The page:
What Powers of Two Look Like Inside a Computer
Copyright © 2008-2014 Exploring Binary
A power of two, when expressed as a binary number, is easy to spot: it has one, and only one, 1 bit. For example, 1000, 10, and 0.001 are powers of two. Inside a computer, however, numbers are more generally represented in binary code, not as “pure” binary numbers. As a result, you may not be able to look at the binary representation of a number and tell at a glance whether it’s a power of two or not; it depends on how it’s encoded.
Numbers in computers are encoded in several forms, the two most common being binary integer and floating-point binary. Powers of two are represented no differently, but because of their special relationship to binary notation, have a distinct look.
We’ll start by reviewing the binary integer and floating-point binary representations, and then we’ll see how powers of two are encoded in those forms.
The standard way to represent integers is with two’s complement notation. The two’s complement representation of a nonnegative integer is faithful to its representation as a pure binary number, with some superfluous differences; it will not have commas or spaces and may have leading zeros added.
The two’s complement representation of a negative integer is not faithful to its representation as a pure binary number. It has the equivalent of a minus sign, which is a 1 bit in the most significant or leftmost position, but the value in the rest of the field is not the pure binary representation of the integer. (That’s all I’ll say about it in this article, since negative numbers are not powers of two.)
Integers come in several sizes: 8 bits, 16 bits, 32 bits, and 64 bits are the common choices. The size determines the number of integers that can be represented. For example, a 32-bit integer can represent 232 values.
An integer can be unsigned or signed. Unsigned integers represent only nonnegative values. A 32-bit unsigned integer can represent an integer between 0 and 232 – 1. Signed integers represent both negative and nonnegative values, with an equal number of each representable. A 32-bit signed integer can represent an integer between -2-31 and 231 – 1.
The standard way to represent real numbers is with IEEE 754 floating-point binary. Floating-point representation is akin to scientific notation; it separates a number into a sign part, an exponent part, and a fraction part. This means that a floating point number is not stored as a pure binary number.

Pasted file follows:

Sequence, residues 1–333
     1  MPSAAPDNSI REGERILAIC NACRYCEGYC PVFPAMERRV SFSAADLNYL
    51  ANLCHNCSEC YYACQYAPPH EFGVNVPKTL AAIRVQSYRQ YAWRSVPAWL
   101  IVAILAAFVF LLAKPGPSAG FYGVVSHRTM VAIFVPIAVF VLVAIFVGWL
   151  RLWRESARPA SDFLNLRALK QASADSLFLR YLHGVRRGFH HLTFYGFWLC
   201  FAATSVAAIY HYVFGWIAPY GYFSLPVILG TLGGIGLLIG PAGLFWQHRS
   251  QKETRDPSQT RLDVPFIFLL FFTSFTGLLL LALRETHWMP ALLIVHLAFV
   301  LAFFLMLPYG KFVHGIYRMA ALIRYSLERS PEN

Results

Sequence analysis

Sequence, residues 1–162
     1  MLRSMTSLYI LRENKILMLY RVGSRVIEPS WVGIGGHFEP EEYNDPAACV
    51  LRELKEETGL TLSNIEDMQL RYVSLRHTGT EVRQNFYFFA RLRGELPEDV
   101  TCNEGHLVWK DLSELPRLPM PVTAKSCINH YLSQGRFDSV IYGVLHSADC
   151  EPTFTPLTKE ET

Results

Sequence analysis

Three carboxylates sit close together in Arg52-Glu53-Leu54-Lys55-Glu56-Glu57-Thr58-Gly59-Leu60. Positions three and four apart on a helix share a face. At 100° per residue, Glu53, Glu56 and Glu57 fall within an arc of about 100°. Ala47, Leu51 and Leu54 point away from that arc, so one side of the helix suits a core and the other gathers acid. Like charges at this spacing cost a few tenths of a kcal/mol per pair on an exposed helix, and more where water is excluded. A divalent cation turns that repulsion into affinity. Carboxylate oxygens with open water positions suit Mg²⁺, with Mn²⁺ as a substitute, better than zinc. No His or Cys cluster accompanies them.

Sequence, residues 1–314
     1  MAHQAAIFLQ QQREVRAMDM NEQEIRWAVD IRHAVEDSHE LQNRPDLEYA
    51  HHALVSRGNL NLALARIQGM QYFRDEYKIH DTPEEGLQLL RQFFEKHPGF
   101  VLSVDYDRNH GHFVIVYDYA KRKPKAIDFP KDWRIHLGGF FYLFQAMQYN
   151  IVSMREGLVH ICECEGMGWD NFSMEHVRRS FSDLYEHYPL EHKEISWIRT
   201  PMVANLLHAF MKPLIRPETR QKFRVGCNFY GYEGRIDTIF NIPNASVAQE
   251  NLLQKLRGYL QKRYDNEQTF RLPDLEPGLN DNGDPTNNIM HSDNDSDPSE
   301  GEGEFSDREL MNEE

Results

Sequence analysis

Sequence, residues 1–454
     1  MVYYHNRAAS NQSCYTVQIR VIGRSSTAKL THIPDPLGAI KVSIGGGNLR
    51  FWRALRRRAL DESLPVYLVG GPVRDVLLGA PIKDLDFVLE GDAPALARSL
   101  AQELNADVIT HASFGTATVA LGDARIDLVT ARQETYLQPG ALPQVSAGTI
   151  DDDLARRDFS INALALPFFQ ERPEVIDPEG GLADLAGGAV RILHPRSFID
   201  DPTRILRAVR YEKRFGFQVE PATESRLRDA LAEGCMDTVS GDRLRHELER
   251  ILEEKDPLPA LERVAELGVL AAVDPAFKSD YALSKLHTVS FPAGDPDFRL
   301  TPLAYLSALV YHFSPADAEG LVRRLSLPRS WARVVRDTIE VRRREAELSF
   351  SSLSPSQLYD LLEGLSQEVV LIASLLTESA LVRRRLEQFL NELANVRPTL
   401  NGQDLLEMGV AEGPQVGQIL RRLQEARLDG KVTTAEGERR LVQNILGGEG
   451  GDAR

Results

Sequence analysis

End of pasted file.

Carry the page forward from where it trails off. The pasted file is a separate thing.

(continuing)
The two common forms of floating-point are single-precision, which is 32 bits, and double-precision, which is 64 bits. The forms differ by the size of the exponent and fraction fields; they are bigger in double-precision.
Single-precision floating-point numbers are 32 bits long, and consist of three fields:
- Sign. The sign field is 1 bit. It is 0 for positive numbers, 1 for negative numbers, and can be 0 or 1 for the number 0.
- Exponent. The exponent field is 8 bits. It represents the exponent n to which 2 is raised, scaling the fraction by 2n. The exponent is stored in biased form, which is a special encoding that stores positive and negative exponents as positive integers.
To compute the exponent, interpret this field as an unsigned binary integer and subtract 127, giving a signed binary integer result. For example, a value of 10000011 (131) represents an exponent of 4, and a value of 01111101 (125) represents an exponent of -2. The values 0 and 255 have special meanings, and are not interpreted as exponents.
- Fraction. The fraction field is 23 bits. If the number is normalized, the exponent field will be nonzero, and there will be an implicit 1 bit preceding the fraction. For example, 22 has an exponent field value of 10000001 (129), which means the exponent is 2. The number is interpreted as 1.0 x 22, but only the 0 is stored in the fraction.
If the number is denormalized (AKA denormal or subnormal), the exponent field will be zero, and there will not be an implicit 1 bit preceding the fraction. A denormalized number has an implicit starting exponent of -126, minus the position of the first 1 bit in the fraction field. For example, 2-128 has an exponent field value of zero, and a fraction field value of .01. The number is interpreted as 0.01 x 2-126, which is 2-128.